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Case of the month

32 years old gentle man had been traumatized in RTA (dash board injury) 4 month ago. He received the primary aids in one of the orthopedic casualty. He had been found suffering from bilateral femoral fractures but no other associated abdominal, chest or head injuries. He had been operated on for fracture fixation with interlocking nails. Then after, he passed through uneventful post operative course. 6weeks later, he found himself unable to bear weight on his right lower limb and then started to suffer from severe Rt. knee pain which was exaggerated by bearing weight not associated with swelling. There was no giving no locking.
On examination the knee was swollen uniformly, no effusion, there was obvious sagging of the Rt. Tibia, no point tenderness, positive posterior drawer test. Otherwise anterior drawer, valgus stress, varus stress and Mc Mury s test were negative.

His initial X-rays

Then CT scan of the knee

PCL avulsion fracture injury
He had been treated surgically. Firstly diagnostic arthroscopy done to exclude associated injuries. The fracture line was identified involving part of the medial tibial plateau, no meniscal injuries and ACL was normal in its course and tension. Then after, the position was changed to prone and redraping done. We approached the knee through BUIRK posterior approach for open reduction and fixation of the fragment using AO malleollar screw 3.5mm.

Postoperative treatment
The patient put in a back slab for 2 weeks, and then stitches removed. The slab returned back for another 4 weeks in a strict non wt bearing rehabilitation program. After 6 weeks the patient was allowed to put partial wt as tolerated using walking aids and started quadriceps and increased ROM exercises. 6 weeks later he allowed full wt bearing.
In the last follow up visit, visual analogue score was 2, flexion was 110 degrees, extension is 0 degree and posterior tibial translation using posterior drawer test was <5mm
PCL injury review
The posterior cruciate ligament (PCL) is the main restraint against posterior translation of the tibia on the femur. It also resists internal rotation of the tibia on the femur because it winds around the anterior cruciate ligament. The PCL does not attach to the posterior tibial spine but rather to a fovea 1 cm below the tibial plateau. The so-called “isolated” PCL avulsion from the tibia is not a common injury to the knee. Anatomical reduction and fixation of the avulsed fragment with a screw is the treatment of choice for this injury1.
Injuries of the posterior cruciate ligament (PCL) are now gaining recognition as disabling problems that are often overlooked , and many times the treatment is deferred due to an apprehension that the approach to the posterior aspect of the knee is difficult. In spite of their common association with ipsilateral injuries, intra-substance tears are usually not primarily diagnosed nor treated at initial presentation. Avulsion injuries from the tibial attachment constitute a small subgroup that differs from other PCL injuries in two ways.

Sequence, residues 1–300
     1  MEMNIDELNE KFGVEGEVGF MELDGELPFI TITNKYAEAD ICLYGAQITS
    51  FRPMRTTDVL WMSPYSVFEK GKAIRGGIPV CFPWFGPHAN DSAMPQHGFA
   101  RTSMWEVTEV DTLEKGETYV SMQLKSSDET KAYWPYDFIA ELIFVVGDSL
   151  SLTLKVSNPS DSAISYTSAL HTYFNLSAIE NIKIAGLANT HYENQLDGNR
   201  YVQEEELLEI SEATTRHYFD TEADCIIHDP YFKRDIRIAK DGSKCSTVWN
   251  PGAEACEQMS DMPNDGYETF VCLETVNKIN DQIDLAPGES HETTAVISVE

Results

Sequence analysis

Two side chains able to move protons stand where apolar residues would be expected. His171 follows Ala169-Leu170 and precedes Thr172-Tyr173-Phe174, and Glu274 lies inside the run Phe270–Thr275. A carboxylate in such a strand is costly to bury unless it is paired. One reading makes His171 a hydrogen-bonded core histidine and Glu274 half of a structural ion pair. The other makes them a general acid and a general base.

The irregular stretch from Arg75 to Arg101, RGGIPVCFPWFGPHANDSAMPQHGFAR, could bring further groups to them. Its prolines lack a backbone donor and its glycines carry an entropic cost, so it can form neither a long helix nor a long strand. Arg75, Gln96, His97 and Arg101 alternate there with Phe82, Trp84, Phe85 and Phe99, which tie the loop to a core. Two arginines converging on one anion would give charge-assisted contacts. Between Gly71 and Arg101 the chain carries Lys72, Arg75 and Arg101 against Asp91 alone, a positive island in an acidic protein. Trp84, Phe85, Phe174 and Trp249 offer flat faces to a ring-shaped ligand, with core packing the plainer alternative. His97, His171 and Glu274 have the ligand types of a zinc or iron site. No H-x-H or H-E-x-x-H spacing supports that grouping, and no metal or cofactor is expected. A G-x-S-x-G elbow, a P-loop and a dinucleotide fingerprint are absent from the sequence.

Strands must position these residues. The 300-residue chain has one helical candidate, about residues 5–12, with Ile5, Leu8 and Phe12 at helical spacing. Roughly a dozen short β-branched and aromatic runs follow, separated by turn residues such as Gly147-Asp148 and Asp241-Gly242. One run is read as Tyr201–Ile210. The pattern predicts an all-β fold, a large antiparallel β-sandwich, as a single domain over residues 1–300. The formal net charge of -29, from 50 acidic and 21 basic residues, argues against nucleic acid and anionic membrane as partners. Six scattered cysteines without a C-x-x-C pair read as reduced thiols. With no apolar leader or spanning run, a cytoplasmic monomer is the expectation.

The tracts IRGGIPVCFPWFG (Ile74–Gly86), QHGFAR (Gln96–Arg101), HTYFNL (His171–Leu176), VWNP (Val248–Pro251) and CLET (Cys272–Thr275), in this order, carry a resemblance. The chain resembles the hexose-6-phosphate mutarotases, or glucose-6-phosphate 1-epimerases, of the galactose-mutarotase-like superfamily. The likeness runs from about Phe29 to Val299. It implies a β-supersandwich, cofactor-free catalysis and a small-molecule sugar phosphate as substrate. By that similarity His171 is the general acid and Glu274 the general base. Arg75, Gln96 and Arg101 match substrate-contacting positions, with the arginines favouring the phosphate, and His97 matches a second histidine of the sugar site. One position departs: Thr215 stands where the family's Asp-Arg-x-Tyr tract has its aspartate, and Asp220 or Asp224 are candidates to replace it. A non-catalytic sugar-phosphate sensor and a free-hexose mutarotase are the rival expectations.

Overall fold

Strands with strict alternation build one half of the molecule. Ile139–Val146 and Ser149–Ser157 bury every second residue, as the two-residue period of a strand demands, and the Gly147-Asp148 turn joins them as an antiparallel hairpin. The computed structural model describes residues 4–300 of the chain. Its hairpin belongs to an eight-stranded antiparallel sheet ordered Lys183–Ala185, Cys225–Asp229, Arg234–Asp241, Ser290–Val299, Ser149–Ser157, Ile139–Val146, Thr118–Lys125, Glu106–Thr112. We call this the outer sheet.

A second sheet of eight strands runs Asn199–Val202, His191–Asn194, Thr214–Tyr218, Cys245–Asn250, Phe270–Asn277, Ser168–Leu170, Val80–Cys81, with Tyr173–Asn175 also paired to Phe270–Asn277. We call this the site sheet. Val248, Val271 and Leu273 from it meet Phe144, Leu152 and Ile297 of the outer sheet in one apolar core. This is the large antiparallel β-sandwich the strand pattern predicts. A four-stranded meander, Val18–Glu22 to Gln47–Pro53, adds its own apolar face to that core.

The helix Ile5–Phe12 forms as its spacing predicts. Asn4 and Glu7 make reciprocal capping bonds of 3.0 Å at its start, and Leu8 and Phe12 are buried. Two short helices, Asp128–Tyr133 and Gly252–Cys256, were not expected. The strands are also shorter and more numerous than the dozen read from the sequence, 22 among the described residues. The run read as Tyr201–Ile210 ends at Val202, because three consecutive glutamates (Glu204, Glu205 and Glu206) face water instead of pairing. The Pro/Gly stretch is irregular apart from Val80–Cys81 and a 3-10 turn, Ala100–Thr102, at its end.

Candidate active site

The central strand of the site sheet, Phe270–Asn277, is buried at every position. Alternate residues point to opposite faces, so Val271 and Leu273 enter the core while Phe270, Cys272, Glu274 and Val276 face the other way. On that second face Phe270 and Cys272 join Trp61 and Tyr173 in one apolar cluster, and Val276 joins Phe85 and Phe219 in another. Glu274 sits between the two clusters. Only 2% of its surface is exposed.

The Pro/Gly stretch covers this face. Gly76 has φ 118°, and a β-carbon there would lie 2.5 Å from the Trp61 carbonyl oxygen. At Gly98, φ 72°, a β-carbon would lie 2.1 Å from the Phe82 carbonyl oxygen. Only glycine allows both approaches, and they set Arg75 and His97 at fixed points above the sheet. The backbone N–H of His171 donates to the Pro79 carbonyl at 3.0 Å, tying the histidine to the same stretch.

Firstly an early diagnosis is usually possible on standard radiographs where a bony fragment may be visible, and secondly the treatment protocol is fairly standardised. Surgical fixation of the bony avulsion by either a screw is advocated and it has given almost uniformly excellent results, whereas non-surgical treatment has a significant incidence of morbidity in form of residual instability and early degenerative arthritis. Some orthopaedic surgeons are apprehensive about treating tibial avulsions of the PCL because of their unfamiliarity with the standard posterior approach to the knee and the potential for damage to the important neurovascular structures. Many series dealing with PCL injuries have followed the standard posterior approach through the popliteal fossa as described by Abbott , which is a complex approach requiring a meticulous and time consuming dissection of the neurovascular bundle in the popliteal fossa. Trickey described a modification of the above mentioned approach with the aim of decreasing the surgical dissection and time. However the medial head of gastronemius needed to be divided and the neurovascular bundle was still at risk due to its proximity. Ogata and McCormick described a posterolateral approach of the knee for the treatment of PCL injuries. It required osteotomy of the fibular neck which endangered the nerve and required extensive mobilisation of the tendon of the popliteus. These factors increased the complexity of the approach besides affecting the postoperative rehabilitation. Keeping this in mind, Burk and Schaffer in1988 described a simplified approach to the PCLwhich avoided the problems associated with the standard posterior approach. This has become the standard approach for approaching the PCL, either for fixing avulsions or for onlay reconstructive grafting. We have used this approach for the fixation of tibial avulsions of PCL in 2 cases and present our experience with this technically safe and easy exposure2.

2. Pariyut Chiarapattanakom MD. Isolated PCL Avulsion from the Tibial Attachment:
Residual Laxity and Function of the Knee
after Screw Fixation.

Dr. Mohammed Babiker Abdelwahab, MD
Department of orthopedic surgery
Faculty of medicine
National Ribat University hospital


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